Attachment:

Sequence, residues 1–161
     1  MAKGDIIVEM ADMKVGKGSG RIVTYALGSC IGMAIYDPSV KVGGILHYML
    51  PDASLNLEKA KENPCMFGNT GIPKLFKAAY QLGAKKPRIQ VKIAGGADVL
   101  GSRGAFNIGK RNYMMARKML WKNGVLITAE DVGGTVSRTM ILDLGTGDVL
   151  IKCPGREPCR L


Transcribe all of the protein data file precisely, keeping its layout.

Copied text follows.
Sequence, residues 1–161
     1  MAKGDIIVEM ADMKVGKGSG RIVTYALGSC IGMAIYDPSV KVGGILHYML
    51  PDASLNLEKA KENPCMFGNT GIPKLFKAAY QLGAKKPRIQ VKIAGGADVL
   101  GSRGAFNIGK RNYMMARKML WKNGVLITAE DVGGTVSRTM ILDLGTGDVL
   151  IKCPGREPCR L